Australia 1964 Penny Error – Double Struck in Collar


As originally published in Australasian Coin and Banknote Magazine Yearbook for 2021/2022

What Went Wrong -error coins that escaped the Mint

Figure 1 – Australia 1964 Penny Error – Double Struck in Collar

Figure 1 shows an interesting Melbourne minted 1964 penny. The sharp-eyed reader will likely be drawn to the double forehead of Her Majesty on the obverse. On the reverse there is great interest in the second set of numerals 964 just below the date (see Figure 2). What is the cause of both of these distinguishing features?

This 1964 penny is correctly classified as “double struck in collar” or perhaps a “rotated double strike”. Both terms are accurate and both add valuable information that help us understand the error. What you are looking at is a 1964 penny that was struck once in the normal fashion. However, something then went wrong with the coin press and the coin failed to eject properly from the collar die. It did move during the failed ejection, rotating perhaps 10 degrees or so before settling back into the collar. The coin was then struck again and after this second strike the penny ejected correctly and entered circulation. The grade is excellent so clearly some vigilant individual saw it very quickly and it was put aside as an item of curiosity.

Figure 2 – Detail, Second set of numerals 964 below date.

Knowing that this coin has been struck twice within the collar we can now look with fresh eyes at the Queen’s double forehead and that second set of 964 numerals. What are they? They are of course remnants of the first time this coin was struck, somewhat obliterated by the second strike. Understanding this we can examine the rest of the coin and see other features that betray the nature of the error. Look at the lumpy surfaces of AUSTRALIA on the reverse, see the ghostly remnants of a G between DEI and GRATIA on the obverse, and note that the Queen has also gained a second neck line!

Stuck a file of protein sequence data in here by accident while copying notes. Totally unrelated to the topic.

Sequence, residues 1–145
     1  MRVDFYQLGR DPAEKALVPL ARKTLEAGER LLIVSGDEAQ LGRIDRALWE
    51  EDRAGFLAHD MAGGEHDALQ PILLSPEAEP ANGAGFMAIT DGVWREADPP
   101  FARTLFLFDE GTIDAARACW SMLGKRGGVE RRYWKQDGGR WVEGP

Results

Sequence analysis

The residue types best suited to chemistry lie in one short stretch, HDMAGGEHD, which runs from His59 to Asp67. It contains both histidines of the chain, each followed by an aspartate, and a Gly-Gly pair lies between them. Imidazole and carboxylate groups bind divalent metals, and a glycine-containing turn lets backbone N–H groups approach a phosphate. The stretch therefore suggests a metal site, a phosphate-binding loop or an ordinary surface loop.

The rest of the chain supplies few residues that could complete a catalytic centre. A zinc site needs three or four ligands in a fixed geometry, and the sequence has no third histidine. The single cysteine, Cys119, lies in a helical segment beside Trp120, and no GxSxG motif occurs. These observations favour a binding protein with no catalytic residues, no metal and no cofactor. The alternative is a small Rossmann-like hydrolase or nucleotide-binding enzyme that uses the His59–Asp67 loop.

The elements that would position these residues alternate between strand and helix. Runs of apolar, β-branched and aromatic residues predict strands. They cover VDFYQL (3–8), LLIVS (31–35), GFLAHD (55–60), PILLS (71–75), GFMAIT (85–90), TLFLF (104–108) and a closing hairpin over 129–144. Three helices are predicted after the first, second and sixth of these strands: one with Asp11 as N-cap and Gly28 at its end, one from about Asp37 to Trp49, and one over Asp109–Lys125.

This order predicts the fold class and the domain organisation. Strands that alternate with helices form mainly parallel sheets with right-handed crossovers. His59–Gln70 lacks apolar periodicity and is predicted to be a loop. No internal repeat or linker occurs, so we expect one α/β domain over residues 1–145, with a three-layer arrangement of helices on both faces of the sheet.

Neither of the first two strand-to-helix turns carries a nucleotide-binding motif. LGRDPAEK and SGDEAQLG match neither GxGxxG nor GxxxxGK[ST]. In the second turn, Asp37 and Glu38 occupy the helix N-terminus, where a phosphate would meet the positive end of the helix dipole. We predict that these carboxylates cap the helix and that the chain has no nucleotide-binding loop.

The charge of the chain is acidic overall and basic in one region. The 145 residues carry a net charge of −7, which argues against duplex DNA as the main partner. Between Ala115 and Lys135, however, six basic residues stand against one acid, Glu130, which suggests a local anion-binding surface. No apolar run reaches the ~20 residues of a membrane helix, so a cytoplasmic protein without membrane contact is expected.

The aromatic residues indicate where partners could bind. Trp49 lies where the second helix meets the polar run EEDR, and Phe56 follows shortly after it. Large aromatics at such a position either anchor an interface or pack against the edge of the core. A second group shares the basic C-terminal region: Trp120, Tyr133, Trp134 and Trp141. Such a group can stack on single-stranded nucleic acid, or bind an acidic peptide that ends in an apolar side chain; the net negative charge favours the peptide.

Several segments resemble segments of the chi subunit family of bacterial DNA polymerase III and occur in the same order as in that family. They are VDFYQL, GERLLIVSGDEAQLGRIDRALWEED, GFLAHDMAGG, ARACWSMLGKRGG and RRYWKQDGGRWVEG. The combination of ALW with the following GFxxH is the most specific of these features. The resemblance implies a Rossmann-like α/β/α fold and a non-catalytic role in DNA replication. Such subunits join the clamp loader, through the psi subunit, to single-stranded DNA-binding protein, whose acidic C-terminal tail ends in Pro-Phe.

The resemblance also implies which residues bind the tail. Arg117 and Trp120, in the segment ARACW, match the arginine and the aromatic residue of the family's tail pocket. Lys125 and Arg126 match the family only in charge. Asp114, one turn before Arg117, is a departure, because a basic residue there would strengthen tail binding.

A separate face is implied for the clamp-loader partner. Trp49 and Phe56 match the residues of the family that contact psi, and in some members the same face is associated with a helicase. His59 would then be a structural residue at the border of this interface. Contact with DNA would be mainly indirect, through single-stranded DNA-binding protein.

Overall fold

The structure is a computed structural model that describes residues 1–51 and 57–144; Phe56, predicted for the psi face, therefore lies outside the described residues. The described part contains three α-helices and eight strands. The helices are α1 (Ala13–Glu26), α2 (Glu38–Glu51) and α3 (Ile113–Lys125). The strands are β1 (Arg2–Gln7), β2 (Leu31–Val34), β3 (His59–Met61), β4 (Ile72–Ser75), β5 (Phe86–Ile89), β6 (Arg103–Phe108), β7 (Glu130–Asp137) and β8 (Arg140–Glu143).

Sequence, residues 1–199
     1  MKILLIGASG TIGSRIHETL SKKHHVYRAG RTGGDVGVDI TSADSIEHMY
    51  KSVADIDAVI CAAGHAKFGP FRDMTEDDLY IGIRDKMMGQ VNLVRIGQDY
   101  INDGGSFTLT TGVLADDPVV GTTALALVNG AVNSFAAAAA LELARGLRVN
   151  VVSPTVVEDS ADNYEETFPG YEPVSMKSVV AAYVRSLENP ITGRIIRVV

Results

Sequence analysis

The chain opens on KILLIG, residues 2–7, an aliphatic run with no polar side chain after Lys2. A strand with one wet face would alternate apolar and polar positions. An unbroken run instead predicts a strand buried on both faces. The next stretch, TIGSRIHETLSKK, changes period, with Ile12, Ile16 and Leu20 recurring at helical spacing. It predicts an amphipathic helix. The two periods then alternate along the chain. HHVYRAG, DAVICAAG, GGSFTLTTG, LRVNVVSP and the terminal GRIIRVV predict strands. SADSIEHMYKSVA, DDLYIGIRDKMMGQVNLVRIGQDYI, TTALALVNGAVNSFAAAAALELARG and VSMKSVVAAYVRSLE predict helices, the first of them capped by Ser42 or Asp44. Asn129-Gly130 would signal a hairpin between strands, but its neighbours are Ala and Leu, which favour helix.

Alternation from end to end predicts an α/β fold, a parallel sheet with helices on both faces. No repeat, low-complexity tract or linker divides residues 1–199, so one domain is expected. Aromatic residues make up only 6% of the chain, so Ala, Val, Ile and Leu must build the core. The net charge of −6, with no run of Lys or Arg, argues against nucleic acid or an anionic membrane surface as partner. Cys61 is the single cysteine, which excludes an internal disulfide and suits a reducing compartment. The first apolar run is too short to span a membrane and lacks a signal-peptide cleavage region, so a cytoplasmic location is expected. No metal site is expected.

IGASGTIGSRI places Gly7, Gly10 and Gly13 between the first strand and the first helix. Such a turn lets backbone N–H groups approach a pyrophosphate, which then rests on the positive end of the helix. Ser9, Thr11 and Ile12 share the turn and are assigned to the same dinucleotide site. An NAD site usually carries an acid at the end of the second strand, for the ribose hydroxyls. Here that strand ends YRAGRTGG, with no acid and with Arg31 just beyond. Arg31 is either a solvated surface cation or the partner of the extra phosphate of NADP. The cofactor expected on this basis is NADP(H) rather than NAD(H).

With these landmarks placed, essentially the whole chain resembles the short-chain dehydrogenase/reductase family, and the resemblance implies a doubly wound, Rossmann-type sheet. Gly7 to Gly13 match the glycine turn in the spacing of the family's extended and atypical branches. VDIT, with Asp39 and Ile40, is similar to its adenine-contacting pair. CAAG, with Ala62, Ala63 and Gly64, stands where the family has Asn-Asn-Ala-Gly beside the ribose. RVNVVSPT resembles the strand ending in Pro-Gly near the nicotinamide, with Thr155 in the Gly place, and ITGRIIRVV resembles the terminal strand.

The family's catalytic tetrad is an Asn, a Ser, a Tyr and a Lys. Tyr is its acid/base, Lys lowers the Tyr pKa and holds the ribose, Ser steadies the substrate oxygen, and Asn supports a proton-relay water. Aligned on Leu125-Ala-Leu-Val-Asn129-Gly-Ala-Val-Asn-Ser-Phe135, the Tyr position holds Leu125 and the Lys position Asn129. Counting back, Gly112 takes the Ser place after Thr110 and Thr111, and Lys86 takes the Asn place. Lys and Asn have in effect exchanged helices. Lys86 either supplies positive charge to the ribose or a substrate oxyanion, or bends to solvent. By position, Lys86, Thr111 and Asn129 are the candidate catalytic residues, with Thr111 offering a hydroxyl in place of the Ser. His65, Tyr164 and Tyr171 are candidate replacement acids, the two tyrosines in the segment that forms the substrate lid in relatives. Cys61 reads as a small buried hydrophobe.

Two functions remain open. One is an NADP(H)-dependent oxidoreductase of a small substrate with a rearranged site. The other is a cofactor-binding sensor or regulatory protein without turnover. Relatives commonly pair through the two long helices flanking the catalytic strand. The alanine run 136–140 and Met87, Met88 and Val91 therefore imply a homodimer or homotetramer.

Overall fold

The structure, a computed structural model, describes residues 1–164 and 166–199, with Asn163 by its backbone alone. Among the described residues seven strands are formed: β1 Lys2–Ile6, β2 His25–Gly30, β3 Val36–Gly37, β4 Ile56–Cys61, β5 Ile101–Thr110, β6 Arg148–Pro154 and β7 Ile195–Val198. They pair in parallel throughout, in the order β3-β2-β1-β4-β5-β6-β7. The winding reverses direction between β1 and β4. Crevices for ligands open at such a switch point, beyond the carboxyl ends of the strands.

The ”double struck in collar” error is a particularly interesting one, especially when the rotation between strikes is large enough to give rise to strong indicators observed on this coin. It’s an error type to look out for, and for the more advanced collector, identify coins that have been struck more than twice in collar! We’ve seen one coin that was struck 6 or 7 times in collar, but that’s a story for another day.

Mark Nemtsas and Kathryn Harris own and run The Purple Penny coin shop in Adelaide coin shop in Adelaide and are passionate about error coins.

Posted in Error Coins

Australia 1966-1984 2 Cent Struck on Split Planchet


As originally published in Australasian Coin and Banknote Magazine November 2021

What Went Wrong -error coins that escaped the Mint

Figure 1 – Australia 1966-1984 2 Cent Struck on Split Planchet

This month we have the pleasure of showcasing an error coin that is very rare indeed. What looks at first glance to be a pretty rubbish two cent piece is one of the hardest error types to find.

This coin is underweight and considerably thinner than it should be. Looking at the heavily striated surface texture of the reverse allows us to identify that it was here that a fatal flaw occurred. It’s along this face that the planchet split in half along a line parallel to the surfaces of the blank. One half of that split planchet went on to be struck into the two cent piece you see here.

The weakness in the strike we see on both sides of the coin resulted from the split planchet being severely underweight. The strike weakness is not uniform as the planchet was thicker and thinner in different areas. However, in general there is weakness on the periphery and in the centre of the coin the features are more strongly struck. The area where the planchet was the thinnest was behind Her Majesty’s head and in front of the frill-necked lizard’s face.